Wondering how to take the next step in your career? A great place to start is by using the feedback you receive during your performance appraisal to develop and propose a professional development plan. Once you’re ready, you can have a growth-focused conversation with your manager about how you can benefit your career and UC. Here’s how to build your performance-based plan.

1. Brainstorm opportunities for your team or department

What skills could you gain or programs/initiatives could you assist in building that would support your team, location or UC’s mission, vision and goals? Consider:

  • Challenges that face your team: How might you help resolve them?
  • Emerging industry trends: Within your role, how might you assist your team or UC in responding to them proactively?
  • Business best practices: How can you use them to improve your effectiveness?

Think big-picture, and make a list of potential opportunities for improvement and growth on a team, department or systemwide level.

2. Articulate your professional strengths

What motivates you at work and makes you a valuable employee? Consider:

  • Tasks or situations in which you excel
  • Job responsibilities or projects that you have really enjoyed — now or in the past
  • Projects for which your contributions have been praised by your manager or peers
  • Skills you’ve perfected and enjoyed in your personal life that could be applied at work

Break multidimensional skills down to a basic level; for example, if you’re great at customer service, your skills might be: making connections with people, learning deep product knowledge or conflict resolution. Make a list of these strengths, interests and areas of expertise.

My UC Career is a fantastic resource for this step. Create your free account with your UC email address, then begin with “Getting Started” and the “Assessment Center.” Assessments include:

  • Identify your preferences
  • Identify your strongest skills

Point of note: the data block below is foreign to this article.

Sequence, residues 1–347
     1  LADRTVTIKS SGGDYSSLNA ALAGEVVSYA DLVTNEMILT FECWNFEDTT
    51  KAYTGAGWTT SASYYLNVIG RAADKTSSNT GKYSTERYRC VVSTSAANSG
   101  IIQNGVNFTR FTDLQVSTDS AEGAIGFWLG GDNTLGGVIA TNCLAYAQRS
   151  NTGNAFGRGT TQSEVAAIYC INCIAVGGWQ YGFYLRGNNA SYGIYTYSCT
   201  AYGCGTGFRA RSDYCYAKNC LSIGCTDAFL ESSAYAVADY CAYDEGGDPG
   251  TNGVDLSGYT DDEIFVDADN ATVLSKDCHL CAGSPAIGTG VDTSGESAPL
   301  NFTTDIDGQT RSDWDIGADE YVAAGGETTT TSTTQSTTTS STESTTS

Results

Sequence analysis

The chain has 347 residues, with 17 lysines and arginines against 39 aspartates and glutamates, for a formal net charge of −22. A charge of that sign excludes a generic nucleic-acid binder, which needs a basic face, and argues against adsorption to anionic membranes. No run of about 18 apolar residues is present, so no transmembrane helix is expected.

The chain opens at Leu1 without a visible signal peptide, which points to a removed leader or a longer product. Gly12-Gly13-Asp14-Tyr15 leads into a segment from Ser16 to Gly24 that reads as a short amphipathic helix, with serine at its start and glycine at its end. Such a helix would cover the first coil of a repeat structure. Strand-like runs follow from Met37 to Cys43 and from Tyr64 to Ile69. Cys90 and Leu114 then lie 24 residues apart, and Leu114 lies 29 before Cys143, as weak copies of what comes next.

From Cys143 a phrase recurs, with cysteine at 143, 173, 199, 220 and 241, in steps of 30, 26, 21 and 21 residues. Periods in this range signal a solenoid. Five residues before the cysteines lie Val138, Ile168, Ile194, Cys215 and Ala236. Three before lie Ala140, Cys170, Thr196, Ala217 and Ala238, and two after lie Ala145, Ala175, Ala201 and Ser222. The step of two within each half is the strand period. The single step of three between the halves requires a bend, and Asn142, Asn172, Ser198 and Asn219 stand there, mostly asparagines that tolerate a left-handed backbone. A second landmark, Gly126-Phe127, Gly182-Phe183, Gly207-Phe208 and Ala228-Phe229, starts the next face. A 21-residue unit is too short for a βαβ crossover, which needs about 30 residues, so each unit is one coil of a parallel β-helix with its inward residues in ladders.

• Assess your temperament

Once your list of professional strengths is complete, discuss and confirm your perceived competence in each area with your manager and colleagues. Take note of their feedback and adjust your list, as needed.

3. Choose your focus and identify potential areas of professional growth

Compare the opportunities you identified in Step 1 to the strengths you confirmed with your manager and colleagues in Step 2. Identify areas of alignment, then narrow your list to the one to two opportunities that are the strongest match with work that engages you.

Consider what skills you will need to develop in order to pursue these opportunities. This might include:

  • Learning a new technical skill, such as Excel, Photoshop, HTML coding or using a content management system
  • Learning a new area of expertise, such as social media management, understanding marketing analytics or managing budgets
  • Achieving a new professional designation, such as becoming a notary, obtaining an industry certificate or pursuing an advanced degree
  • Gaining experience in skills associated with a higher-level position, such as people-management or mid-level management
  • Taking part in networking activities to broaden your professional network

Make a list of the must-have skills, knowledge, experience and demonstrated abilities you will need to develop or acquire. Prioritize your list by relevance to your next anticipated career opportunity.

4. Research learning options, including cost and time